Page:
Recent Feature Articles

Sep 2021

The Boulder Factory

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Like a lot of HR systems, the one at Initech had grown into a complicated mess of special cases, edge cases, and business rules that couldn't be explained but had to be followed.

Mark was assigned to a project to manage another one of those special cases: Initech had just sold one of its factories. Their HR system needed to retain information about the factory and its employees up until the point of the sale, but it also needed to be disconnected from some future processing- they certainly didn't want to send anybody any paychecks, for example. But not all processing. If an employee had started a health insurance claim before the factory was sold, they needed to keep that active in the system until it was completed (but also not allow the employee to file new claims).


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A surprising amount of the world runs on FORTRAN. That's not to say that huge quantities of new FORTRAN are getting written, though it's far from a dead language, but that there are vital libraries written fifty years ago that are still used to this day.

But the world in which that FORTRAN was written and the world in which we live today is wildly different. Which brings us to the story of George and Ike.

Some Version of a Process

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When you're a large company, like Oracle, you can force your customers to do things your way. "Because we said so," is something a company like that can get away with. Conversely, a small company is more restricted- you have to work hard to keep your customers happy.

When Doreen joined Initech, they were a small company with a long history and not too many customers. In the interests of keeping those customers happy, each customer got their own custom build of the software, with features tailored to their specific needs. So, Initrode was on "INITRODE.9.1", while the Soggy Beans coffee shop chain was on "SOGGY.5.2". Managing those versions was a pain, but it was Doreen's boss, Elliot, who ensured that pain escalated to anguish.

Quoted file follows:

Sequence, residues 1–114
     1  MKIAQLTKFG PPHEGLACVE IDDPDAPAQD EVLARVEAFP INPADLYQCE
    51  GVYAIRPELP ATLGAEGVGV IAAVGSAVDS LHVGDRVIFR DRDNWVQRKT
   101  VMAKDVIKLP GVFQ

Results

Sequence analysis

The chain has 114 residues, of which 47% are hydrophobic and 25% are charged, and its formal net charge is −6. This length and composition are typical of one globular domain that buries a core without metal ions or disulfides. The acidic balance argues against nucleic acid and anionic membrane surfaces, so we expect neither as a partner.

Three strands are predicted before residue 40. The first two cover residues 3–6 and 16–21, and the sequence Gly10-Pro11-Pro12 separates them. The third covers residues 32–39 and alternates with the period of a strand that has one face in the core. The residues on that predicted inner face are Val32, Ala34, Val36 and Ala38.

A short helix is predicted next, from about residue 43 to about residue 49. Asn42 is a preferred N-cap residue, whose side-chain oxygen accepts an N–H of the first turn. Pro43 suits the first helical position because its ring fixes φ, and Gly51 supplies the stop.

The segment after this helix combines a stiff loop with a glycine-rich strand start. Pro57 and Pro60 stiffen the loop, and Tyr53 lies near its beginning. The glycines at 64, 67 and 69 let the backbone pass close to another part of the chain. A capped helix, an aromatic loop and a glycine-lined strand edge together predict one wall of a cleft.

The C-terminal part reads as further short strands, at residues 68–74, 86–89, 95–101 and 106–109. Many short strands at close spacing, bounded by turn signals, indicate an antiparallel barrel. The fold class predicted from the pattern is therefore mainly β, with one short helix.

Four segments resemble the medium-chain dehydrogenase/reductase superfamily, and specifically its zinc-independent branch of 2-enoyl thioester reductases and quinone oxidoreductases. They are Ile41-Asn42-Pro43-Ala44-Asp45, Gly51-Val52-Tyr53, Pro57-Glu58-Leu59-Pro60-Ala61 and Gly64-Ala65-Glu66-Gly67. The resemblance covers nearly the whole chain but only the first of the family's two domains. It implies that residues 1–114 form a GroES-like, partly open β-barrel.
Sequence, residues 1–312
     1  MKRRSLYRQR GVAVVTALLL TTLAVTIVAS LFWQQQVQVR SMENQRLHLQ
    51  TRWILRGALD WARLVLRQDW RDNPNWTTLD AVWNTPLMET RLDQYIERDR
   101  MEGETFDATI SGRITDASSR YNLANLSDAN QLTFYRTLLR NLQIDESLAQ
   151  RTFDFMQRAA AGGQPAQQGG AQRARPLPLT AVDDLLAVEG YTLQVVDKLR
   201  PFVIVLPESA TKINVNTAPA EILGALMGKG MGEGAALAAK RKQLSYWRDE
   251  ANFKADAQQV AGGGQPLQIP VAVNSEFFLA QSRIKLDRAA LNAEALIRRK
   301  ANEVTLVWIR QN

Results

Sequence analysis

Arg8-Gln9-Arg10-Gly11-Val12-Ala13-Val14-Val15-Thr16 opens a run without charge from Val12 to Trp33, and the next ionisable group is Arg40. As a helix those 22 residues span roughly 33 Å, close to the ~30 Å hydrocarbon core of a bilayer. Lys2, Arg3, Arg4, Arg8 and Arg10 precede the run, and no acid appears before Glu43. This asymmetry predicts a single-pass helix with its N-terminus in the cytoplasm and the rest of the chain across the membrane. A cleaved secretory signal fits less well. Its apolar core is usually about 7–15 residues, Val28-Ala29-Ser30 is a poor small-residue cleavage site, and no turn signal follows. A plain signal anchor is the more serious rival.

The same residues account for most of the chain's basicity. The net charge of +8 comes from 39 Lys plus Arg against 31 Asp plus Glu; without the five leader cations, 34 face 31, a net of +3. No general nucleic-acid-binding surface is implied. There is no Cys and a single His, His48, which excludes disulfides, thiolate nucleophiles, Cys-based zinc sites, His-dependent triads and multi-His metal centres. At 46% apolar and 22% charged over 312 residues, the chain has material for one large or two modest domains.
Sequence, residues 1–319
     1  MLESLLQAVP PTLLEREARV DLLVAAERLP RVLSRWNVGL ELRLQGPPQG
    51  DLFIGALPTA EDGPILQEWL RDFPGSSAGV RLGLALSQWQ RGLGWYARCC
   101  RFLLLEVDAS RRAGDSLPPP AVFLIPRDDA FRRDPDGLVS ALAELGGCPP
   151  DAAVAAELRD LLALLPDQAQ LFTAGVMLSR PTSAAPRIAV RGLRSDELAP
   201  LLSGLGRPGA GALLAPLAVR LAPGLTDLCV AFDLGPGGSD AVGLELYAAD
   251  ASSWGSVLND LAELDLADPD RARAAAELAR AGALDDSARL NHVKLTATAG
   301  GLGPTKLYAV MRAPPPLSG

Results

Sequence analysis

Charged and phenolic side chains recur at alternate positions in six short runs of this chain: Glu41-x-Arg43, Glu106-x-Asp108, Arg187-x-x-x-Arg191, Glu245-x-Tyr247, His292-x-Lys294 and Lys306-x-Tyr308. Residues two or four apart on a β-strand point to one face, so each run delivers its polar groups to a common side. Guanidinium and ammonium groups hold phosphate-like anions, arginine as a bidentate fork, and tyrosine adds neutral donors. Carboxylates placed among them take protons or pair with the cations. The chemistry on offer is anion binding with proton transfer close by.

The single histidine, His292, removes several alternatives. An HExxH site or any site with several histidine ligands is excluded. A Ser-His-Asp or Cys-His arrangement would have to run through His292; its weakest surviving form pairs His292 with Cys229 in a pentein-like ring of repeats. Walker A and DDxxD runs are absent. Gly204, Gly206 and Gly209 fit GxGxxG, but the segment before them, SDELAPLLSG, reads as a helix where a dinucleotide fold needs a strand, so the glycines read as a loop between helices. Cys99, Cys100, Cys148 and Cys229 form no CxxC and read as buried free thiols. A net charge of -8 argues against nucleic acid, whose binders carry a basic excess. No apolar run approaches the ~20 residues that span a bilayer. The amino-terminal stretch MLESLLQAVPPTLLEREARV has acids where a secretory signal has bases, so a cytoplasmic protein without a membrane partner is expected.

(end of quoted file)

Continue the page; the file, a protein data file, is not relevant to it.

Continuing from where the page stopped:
Classic WTF: Crazy Like a Fox(Pro)

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It's Labor Day in the US. We're busy partaking in traditional celebrations, which depending on who you ask, is either enjoying one of the last nice long weekends before winter, or throwing bricks at Pinkertons. So we dig back into the archives, for a classic story about databases. Original --Remy

“Database portability” is one of the key things that modern data access frameworks try and ensure for your application. If you’re using an RDBMS, the same data access layer can hopefully work across any RDBMS. Of course, since every RDBMS has its own slightly different idiom of SQL, and since you might depend on stored procedures, triggers, or views, you’re often tied to a specific database vendor, and sometimes a version.

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And really, for your enterprise applications, how often do you really change out your underlying database layer?